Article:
On Thursday, November 29, 2012, I attended the NY Enterprise Tech Meetup to see four promising startups pitch their product. Namely, Dwolla, Vaultive and Badgeville all presented their platforms Thursday night.
Alex Taub and Michael Schonfeld presented Dwolla. “We are going after a huge industry, the ACH, to be exact,” Schonfeld said. The ACH, or the Automated Clearing House is a “$33 trillion industry. It’s the biggest thin in America and our vision is to create an ideal payment network, a Mastercard for the 21st Century,” he said.
Dwolla’s driving force is this maxim: “Fundamentally, it makes no sense that money loses value when it exchanges hands.” The developers at Dwolla believe that the payment procedure and the payments are broken. “There are a couple of reasons why we believe payments are broken,” Schonfeld said. “First, it’s hard to implement. Next, you need Legacy Support. Third, there is a big chance of fraud. It’s easy to get defrauded using credit cards. Next, it requires massive infrastructure and bureaucracy. Finally, there are just fees after fees after fees that business and consumers have to deal with,” he said. Schonfeld explained that there is a lot of cost involved because credit cards have interchange fees, which are a big deal in the overall scheme of things.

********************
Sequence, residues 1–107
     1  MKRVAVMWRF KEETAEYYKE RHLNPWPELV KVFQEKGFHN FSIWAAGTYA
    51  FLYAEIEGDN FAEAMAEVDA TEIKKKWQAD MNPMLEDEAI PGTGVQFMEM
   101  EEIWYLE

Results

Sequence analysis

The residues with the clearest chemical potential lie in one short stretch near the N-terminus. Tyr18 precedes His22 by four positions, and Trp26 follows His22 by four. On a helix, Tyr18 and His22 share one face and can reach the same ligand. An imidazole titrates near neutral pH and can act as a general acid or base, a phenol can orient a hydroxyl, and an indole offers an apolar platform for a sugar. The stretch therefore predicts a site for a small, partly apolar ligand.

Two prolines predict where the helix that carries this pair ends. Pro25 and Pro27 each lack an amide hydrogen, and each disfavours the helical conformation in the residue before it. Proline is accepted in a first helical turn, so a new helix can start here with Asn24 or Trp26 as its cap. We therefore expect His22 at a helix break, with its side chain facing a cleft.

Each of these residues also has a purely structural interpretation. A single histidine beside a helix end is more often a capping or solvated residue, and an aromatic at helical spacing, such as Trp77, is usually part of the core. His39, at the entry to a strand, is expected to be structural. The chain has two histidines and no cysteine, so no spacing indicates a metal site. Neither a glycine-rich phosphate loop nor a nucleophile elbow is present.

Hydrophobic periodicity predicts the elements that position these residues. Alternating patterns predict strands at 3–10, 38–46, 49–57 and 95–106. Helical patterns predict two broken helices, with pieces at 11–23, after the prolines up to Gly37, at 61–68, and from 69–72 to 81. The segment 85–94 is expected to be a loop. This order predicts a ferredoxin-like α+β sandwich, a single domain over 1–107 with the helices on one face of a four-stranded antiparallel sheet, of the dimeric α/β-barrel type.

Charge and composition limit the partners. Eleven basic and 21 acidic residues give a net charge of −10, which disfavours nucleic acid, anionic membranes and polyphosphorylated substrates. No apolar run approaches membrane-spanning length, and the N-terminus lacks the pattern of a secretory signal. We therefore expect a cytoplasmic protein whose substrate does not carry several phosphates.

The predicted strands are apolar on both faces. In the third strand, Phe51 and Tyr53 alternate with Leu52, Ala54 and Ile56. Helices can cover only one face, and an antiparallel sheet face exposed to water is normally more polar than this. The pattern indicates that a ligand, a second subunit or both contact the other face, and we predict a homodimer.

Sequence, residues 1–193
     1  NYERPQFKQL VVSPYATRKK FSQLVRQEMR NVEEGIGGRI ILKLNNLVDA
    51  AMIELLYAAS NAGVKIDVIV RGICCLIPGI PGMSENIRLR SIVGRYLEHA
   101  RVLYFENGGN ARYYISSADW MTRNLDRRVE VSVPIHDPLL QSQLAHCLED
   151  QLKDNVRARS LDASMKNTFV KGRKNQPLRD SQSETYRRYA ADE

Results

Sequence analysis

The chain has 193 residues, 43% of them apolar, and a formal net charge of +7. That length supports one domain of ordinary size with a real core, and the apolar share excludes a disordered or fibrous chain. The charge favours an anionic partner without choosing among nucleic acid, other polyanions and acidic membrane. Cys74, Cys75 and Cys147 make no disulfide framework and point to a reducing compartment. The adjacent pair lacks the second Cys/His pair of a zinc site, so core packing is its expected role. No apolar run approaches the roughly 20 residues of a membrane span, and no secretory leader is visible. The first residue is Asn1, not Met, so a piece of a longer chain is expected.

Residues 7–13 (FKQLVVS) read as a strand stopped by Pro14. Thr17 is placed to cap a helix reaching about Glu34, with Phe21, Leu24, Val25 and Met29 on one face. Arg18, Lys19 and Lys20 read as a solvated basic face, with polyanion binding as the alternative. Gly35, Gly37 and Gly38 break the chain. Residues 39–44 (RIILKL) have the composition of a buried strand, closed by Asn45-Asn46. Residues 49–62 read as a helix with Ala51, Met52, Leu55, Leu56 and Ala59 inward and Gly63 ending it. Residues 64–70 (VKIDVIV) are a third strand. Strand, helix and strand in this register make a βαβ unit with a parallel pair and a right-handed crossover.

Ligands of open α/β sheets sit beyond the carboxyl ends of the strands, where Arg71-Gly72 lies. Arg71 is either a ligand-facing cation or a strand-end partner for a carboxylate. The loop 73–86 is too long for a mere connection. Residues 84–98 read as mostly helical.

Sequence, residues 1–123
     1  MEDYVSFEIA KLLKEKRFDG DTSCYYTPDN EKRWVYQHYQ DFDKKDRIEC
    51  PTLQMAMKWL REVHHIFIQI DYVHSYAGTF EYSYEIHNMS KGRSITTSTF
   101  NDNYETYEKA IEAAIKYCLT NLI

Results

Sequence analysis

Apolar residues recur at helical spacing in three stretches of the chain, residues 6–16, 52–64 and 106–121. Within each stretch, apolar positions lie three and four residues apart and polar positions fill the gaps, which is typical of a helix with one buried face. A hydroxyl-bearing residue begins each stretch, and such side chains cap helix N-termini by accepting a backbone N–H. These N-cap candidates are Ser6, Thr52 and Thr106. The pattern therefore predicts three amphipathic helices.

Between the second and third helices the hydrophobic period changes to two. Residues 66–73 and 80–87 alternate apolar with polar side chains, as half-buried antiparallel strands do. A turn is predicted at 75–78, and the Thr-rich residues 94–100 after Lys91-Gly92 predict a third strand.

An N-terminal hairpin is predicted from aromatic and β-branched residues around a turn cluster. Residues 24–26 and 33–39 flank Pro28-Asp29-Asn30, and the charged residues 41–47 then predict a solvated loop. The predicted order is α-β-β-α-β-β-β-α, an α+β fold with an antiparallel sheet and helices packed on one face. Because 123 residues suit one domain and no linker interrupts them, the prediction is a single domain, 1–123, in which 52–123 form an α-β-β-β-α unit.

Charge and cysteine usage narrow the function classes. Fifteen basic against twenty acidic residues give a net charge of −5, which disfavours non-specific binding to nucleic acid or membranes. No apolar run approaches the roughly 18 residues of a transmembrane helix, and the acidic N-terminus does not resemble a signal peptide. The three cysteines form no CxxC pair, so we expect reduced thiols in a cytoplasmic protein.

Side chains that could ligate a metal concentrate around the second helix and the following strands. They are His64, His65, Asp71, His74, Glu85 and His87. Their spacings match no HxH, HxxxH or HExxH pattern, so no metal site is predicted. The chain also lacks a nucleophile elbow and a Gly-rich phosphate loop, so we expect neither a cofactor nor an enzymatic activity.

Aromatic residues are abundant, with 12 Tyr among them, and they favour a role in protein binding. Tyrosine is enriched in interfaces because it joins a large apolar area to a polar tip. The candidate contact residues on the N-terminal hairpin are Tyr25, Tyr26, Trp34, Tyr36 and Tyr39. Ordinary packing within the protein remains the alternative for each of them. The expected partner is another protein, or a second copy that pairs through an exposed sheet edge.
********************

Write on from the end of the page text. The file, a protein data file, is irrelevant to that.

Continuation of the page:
Fraud is a big obstacle in banking, especially regarding credit cards. “Credit cards,” Schonfeld said, “the 16 digit card numbers go through so many stops to be processed. It’s ridiculous. There’s also sheer incompetency at some of these check stops. The credit card companies’ solution is to create new features and in turn increase fees. This is wrong.” In creating Dwolla, the development team considered these questions: on implementing certain features, would the users be able to have access to history — for example, would a Visa user be able to view all of their transactions on their multiple Visa credit cards in a Visa.com account? Would developers be able to access their accounts? Would users be able to block access to certain merchants? Schoenfeld did, however, say that Dwolla is subject to all of the rules and regulations that affect and rule over banks.